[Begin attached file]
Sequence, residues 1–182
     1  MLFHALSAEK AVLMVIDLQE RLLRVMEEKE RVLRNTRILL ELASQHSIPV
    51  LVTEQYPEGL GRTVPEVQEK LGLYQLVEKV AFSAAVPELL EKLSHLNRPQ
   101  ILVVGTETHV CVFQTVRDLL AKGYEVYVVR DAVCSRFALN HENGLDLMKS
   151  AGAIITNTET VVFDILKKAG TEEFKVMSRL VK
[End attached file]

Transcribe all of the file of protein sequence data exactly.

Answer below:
Sequence, residues 1–182
     1  MLFHALSAEK AVLMVIDLQE RLLRVMEEKE RVLRNTRILL ELASQHSIPV
    51  LVTEQYPEGL GRTVPEVQEK LGLYQLVEKV AFSAAVPELL EKLSHLNRPQ
   101  ILVVGTETHV CVFQTVRDLL AKGYEVYVVR DAVCSRFALN HENGLDLMKS
   151  AGAIITNTET VVFDILKKAG TEEFKVMSRL VK